It isn’t known where the name Harles originates; there is no record of it as a surname in the village and the name doesn’t appear on old maps. Dictionary definitions of the word harl/harle aren’t obviously of any help, either: “a fibre of flax or hemp/a barb or fibre of a feather/the action of harling – something dragged or scraped together/a small quantity, a scraping/a composition oflime and gravel or sand.” Searches generally default to ‘do you mean Charles?’ – perhaps this is part of the origins?
Mr and Mrs Henry Edgson of The Ruins on Main Street farmed what was then known as Harles Meadows – latterly, they were joined by his wife’s niece, Miss Daisy Wakelin. The land was sold by Miss Wakelin in the 1960s and the houses which now form Harles Acres were built in 1966.
Census records from 1881 list Henry Edgson (age 41, born 1839) with his wife, Mary; he is a grazier of 18 acres of land and was born at Hickling Lodge, Notts.
Henry Edgson (resident of Wartnaby) marries Mary Hackett (daughter of Thomas Hackett) of Alrewas in Staffs on 22nd January 1866.
The couple are similarly listed in census records for 1871 (on Smithfield Lane), 1891, 1901 and 1911; they don’t appear to have had any children of their own.
Henry Edgson’s parents (William and Mary Edgson) are recorded in Hickling in the 1841 census and Henry Edgson is recorded as having been born in Hickling although he doesn’t appear on the 1841 census return – unless he has been mis-transcribed as Samuel Headson age 0.
Henry Edgson’s brother, James is recorded as being baptised in Long Clawson in 1838.
Henry Edgson is then listed with his parents and siblings in Wartnaby in the census of 1851 and in 1861 he is a wagoner in the Ward household in Wartnaby.
Daisy Mary Wakelin was born in Cannock, Staffordshire in May 1886, the eldest of 10 children; parents George Wakelin and Ellin/Elise/Elsie Mary (nee Branson) Wakelin (born Alrewas, Staffs). She is generally referred to as Henry Edgson’s niece but the exact family links require further searches. Daisy Wakelin is born in Staffordshire and her mother was born in Alrewas, Staffs which links to Henry’s wife – Mary (nee Hackett) Edgson’s family.
In the 1911 census, Daisy Wakelin is in the family household as a dairy maid on a farm (her father is a colliery surface manager); Pool Lane, Short Heath, Wolverhampton indicating that Daisy’s move to Hickling isn’t made until after 1911; as she is pictured with Mrs Edgson she appears to have moved before 1918.
Mary Edgson died, age 82, in 1918.
Henry Edgson died, age 92, in 1932. Probate records state: “Edgson William Henry of Hickling Nottinghamshire died 10th June 1932 probate 1st November to Daisy Wakelin spinster and Henry Walter Rogers law clerk. Effects £577.9s.10d.”
Grantham Journal, 18th June 1932: Death Friday William Henry Edgson 92 oldest inhabitant. Native, born at Canal Farm, marriage went to Wartnaby short while then returned to Marsh’s Farm on Pastures now called Barlands Fields. Was Guardian of Poor and Overseer. Wife died 14 years ago. Since then niece Daisy Wakelin kept his house. Strong constitution but age brought infirmities and last nine weeks in bed. Sister Nan.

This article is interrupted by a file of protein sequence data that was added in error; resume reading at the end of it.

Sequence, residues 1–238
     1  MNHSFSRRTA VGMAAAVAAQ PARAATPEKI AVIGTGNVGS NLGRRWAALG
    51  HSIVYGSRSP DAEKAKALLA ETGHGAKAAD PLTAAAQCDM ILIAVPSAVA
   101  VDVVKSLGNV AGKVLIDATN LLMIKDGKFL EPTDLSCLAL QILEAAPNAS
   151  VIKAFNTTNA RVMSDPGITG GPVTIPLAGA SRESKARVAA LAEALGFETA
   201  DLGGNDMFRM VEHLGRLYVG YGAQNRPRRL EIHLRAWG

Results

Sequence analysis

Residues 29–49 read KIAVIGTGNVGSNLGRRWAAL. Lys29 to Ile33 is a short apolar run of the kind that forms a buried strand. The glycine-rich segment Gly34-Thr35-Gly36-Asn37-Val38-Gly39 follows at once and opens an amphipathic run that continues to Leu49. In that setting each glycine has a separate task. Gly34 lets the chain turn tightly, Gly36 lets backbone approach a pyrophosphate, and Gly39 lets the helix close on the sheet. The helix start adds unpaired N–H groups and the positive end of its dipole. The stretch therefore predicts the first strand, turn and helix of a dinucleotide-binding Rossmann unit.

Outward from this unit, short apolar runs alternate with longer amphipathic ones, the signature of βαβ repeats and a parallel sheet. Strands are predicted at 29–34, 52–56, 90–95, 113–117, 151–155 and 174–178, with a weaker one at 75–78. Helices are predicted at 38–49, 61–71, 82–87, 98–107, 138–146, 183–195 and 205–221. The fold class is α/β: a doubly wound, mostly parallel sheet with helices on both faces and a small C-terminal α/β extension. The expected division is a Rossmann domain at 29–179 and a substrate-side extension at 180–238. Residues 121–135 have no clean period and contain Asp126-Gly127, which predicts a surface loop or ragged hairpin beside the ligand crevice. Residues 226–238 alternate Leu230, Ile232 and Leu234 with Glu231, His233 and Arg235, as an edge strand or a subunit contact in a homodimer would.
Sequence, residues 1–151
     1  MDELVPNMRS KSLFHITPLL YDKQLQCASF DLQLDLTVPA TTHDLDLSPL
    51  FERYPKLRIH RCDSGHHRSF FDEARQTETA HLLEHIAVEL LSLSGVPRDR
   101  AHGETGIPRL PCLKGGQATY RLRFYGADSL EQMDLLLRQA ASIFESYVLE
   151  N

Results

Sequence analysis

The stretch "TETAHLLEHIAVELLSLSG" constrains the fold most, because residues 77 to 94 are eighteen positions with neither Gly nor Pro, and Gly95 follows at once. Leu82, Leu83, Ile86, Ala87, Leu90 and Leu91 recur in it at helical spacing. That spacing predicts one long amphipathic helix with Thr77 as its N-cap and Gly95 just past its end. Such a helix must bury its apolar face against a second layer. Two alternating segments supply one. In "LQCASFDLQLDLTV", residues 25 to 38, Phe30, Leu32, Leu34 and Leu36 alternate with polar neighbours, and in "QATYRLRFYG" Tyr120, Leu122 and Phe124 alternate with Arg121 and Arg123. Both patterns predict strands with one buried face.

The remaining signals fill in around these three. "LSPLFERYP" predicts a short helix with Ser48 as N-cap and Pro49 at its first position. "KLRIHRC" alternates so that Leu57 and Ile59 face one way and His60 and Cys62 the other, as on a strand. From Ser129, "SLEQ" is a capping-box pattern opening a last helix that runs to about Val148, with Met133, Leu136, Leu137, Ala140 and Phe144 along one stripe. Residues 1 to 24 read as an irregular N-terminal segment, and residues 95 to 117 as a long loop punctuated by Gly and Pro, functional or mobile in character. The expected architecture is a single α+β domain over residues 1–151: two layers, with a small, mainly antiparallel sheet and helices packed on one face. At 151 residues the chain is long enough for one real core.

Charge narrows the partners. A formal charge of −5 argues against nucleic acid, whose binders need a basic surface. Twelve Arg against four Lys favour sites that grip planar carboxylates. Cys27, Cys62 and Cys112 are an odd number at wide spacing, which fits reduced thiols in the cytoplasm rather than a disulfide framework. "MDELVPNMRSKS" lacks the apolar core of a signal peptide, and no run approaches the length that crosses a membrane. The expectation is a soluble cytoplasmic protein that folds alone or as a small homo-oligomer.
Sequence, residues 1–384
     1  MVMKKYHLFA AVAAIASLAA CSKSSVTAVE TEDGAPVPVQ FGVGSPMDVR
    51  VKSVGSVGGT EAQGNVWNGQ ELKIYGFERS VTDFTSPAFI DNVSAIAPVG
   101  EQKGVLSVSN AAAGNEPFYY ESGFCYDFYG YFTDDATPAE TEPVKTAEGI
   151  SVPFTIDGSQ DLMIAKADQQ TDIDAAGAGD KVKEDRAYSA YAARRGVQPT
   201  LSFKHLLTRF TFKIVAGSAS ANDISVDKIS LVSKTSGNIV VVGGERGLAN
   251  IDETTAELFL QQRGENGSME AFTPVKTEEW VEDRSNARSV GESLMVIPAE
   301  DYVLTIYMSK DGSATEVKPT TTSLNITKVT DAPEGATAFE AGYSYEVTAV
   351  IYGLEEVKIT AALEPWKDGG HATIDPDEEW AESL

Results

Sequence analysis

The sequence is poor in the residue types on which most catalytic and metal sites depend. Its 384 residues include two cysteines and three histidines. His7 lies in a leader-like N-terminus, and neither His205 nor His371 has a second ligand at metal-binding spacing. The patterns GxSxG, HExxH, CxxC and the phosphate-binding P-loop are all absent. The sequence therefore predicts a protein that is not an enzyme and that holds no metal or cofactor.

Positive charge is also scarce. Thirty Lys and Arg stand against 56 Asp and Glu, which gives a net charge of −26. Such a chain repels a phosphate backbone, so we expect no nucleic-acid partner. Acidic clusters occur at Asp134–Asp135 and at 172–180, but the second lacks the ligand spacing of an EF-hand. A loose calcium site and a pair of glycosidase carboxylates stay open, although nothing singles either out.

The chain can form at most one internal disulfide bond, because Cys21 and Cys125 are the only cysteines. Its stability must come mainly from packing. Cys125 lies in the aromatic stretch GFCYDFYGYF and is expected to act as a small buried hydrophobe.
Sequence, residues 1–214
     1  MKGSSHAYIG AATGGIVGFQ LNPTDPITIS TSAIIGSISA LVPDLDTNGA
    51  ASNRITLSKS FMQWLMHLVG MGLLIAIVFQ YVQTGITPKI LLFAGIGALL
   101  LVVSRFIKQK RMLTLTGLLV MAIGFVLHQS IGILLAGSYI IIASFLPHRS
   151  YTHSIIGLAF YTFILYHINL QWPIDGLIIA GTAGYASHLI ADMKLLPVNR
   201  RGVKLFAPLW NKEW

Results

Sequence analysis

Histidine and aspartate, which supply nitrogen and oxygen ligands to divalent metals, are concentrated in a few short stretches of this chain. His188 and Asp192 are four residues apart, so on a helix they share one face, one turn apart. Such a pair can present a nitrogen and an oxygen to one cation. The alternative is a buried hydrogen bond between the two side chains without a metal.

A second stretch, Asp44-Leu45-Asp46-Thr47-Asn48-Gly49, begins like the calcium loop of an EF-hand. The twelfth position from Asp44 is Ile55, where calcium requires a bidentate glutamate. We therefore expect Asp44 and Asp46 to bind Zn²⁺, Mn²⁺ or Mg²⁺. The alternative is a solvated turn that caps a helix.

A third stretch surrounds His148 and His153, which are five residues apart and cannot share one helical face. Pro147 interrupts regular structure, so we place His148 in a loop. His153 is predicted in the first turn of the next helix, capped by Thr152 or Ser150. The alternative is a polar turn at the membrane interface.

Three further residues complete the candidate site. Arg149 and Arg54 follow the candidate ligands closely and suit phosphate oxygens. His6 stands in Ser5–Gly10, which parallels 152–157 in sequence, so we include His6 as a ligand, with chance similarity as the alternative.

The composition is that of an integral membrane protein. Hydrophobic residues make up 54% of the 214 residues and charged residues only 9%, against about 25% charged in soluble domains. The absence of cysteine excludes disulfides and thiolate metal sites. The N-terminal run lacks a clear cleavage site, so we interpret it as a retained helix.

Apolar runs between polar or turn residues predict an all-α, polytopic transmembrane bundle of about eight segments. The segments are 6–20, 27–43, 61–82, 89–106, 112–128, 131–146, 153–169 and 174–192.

Daisy M Wakelin is recorded at The Manor (probably The Ruins) in the 1939 Register (dob 17th May 1886) as a dairy farmer. She has a farm manager in the same household, Charles K Bailey (b.1915).
Daisy Wakelin died on the 17th May 1972 (leaving an estate of £19,000).
(However, these dates and locations require further checking: the Wadkin Archives record Henry’s wife as Lucy and they also record Daisy Wakelin living with them from her teenage years)
Photographs in the Wadkin Archive also report that the meadows were used as a village cricket pitch in the late 1800s.
Photographs from Miss Daisy Wakelin:
Harles Acres; developed in 1966.
(The Story of Where You Live; RD 2005):“In 1954 the government lifted post-war building restrictions on the development of private housing. This fuelled a boom in house building and a number of developers rose up to satisfy people’s growing desire for what Lawrie Barratt – who founded Barratt Homes in 1958 – dubbed ‘their own little castle’. Barratt along with other firms such as Wimpey and McLean, almost reinvented the house-building industry, putting together packages that included fully fitted kitchens and bathrooms, furniture packs and special purchase schemes … and helping to make home-ownership a reality for many in the 1950s and 1960s … the interiors made good use of space and offered a high degree of comfort. Most houses had gardens and garages.”
1959: The M1 Britain’s first full-length motorway opens.
1959: The ‘Mini’ hits the streets.
1960: The first motorway services open at Newport Pagnall.
1960s: MFI pioneers flat-pack furniture.
1964: The Bull ring, the largest shopping centre outside America, opens in Birmingham.
1964: Terence Conran opens a Habitat store on Fulham Rd. London.
1967: First colour television broadcast, on BBC2 – tennis at Wimbledon.
1969: Open University founded.
1976: Two Concordes take off simultaneously from Paris and London on maiden commercial flights.
What is a Defecamat Unit?
There was a sewage unit at the far end of Harles Acres before the village went on to mains sewage in the 70s; Harles Acres was built in 1966 and the unit was discontinued c. 1975. It is now fully filled in. The sewage unit was called a defecamat unit.
Defecamat was first trademarked in Australia in 1962 as a ‘sewage purification’ unit but is no longer in use.
Because Hickling wasn’t yet linked to the main sewer network, a separate system would have been needed to provide for the new houses.